I have a life-long passion for knowing all I can about nature and learning how organisms interact with their environment. This interest led me to spend more than fifteen summers at biological stations teaching and doing research in a variety of areas that range from resource partitioning among bird species to determining the effect of water currents on the distribution of stream algae.
My present research is focused on learning what role parasites and competition might play in causing the wide fluctuations in macroinvertebrates that we often see in pristine trout streams. One aspect of this research is to monitor the long-term populations of stream insects over a wide variety of Michigan rivers in order to see how a microscopic parasite controls a key insect species, and as a consequence, how it influences the energy pathway in many trout stream food webs.
The primary goal of my teaching is to reignite in students a child-like fascination with living things. I attempt to accomplish this by giving students many field and research experiences. Outdoor labs and weekend fieldtrips are central features of my courses, as well as, teaching students how to explore biology through scientific investigation. My greatest joy as a teacher is seeing students rediscover their interest in the natural history of the plants, animals, fungi, and prokaryotes that surround us. As students awaken to the diversity of life and interactions that we encounter (but often overlook) each day, they begin to ask new questions and see with fresh eyes how to use scientific methods in answering them.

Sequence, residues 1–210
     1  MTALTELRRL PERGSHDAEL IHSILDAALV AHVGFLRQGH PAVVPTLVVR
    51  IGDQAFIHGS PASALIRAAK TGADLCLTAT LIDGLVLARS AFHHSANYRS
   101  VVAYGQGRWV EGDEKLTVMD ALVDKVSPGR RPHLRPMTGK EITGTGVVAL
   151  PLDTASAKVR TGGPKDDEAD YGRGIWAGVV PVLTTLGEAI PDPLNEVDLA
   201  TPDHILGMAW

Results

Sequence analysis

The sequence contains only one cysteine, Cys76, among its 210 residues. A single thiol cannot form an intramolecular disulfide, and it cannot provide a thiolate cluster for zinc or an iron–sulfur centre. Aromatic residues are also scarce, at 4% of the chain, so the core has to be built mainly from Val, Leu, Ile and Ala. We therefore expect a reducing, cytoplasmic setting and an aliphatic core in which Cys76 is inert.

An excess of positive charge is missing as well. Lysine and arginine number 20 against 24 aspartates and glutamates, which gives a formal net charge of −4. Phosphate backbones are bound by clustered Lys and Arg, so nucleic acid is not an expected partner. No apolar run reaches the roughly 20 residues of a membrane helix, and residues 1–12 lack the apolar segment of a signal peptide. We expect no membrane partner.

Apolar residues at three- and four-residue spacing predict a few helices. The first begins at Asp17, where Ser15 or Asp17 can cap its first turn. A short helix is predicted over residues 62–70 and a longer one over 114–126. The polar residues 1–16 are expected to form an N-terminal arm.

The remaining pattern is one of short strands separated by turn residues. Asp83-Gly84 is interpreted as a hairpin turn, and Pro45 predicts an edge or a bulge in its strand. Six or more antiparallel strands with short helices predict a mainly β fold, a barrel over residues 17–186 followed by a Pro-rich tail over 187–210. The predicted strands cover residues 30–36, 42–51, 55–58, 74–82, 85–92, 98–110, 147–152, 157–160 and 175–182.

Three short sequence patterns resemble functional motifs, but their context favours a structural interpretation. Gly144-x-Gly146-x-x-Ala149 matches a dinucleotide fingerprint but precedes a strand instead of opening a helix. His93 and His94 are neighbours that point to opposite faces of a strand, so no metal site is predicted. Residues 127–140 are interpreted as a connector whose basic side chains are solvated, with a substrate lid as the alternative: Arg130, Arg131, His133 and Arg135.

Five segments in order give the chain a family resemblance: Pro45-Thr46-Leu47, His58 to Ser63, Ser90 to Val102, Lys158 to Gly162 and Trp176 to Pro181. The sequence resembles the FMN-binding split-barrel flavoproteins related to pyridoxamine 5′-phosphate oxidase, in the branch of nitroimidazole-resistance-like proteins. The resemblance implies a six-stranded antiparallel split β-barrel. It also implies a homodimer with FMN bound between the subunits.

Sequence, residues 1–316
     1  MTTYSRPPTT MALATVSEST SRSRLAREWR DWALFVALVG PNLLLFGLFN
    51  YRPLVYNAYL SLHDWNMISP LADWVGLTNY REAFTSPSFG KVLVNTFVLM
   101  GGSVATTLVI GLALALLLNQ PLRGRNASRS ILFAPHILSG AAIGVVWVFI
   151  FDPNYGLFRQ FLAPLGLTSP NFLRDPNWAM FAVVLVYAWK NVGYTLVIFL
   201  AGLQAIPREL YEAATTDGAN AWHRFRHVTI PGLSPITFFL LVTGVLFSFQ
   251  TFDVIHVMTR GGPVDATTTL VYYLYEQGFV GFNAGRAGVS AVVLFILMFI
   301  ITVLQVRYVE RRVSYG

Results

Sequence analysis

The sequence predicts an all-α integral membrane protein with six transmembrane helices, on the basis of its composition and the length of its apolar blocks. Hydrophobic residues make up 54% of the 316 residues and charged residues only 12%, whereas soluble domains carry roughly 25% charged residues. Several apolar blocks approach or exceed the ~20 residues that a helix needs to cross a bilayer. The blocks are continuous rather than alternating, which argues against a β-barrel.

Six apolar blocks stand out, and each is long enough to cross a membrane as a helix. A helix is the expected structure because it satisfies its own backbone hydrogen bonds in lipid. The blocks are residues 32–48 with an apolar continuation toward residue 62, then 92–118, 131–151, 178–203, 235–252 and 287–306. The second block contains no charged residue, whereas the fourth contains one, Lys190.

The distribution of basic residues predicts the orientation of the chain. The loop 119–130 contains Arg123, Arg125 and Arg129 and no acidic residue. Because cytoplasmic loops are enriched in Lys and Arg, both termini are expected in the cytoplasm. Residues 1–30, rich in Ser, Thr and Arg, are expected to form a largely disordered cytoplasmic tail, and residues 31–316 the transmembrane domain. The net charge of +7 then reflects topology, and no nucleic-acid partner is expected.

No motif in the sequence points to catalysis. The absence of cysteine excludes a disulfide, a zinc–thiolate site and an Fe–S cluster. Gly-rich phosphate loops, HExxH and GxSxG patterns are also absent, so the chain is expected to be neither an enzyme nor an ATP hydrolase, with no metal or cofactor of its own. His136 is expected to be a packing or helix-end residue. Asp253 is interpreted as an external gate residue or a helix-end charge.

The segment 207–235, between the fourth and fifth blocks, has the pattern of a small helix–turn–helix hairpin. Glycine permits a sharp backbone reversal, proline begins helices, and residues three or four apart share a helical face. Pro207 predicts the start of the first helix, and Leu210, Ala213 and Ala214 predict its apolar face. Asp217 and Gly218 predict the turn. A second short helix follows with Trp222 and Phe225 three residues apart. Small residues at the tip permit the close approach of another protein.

My most recent teaching duties include Honors Organismal Biology Laboratory (LBC 158H), Field Ecology for Biology Teachers (NSC 855/856), and Tropical Biodiversity and Conservation of Panama (LBC 493). While these courses are taught in widely different settings-Honors Biology on campus, Field Ecology at MSU's Kellogg Biological Station, and Tropical Biodiversity & Conservation is a Study Abroad course in Panama-my teach philosophy remains similar. I try to use field experiences to build students' interest in natural history and I use research experiences to build their creative and analytical skills.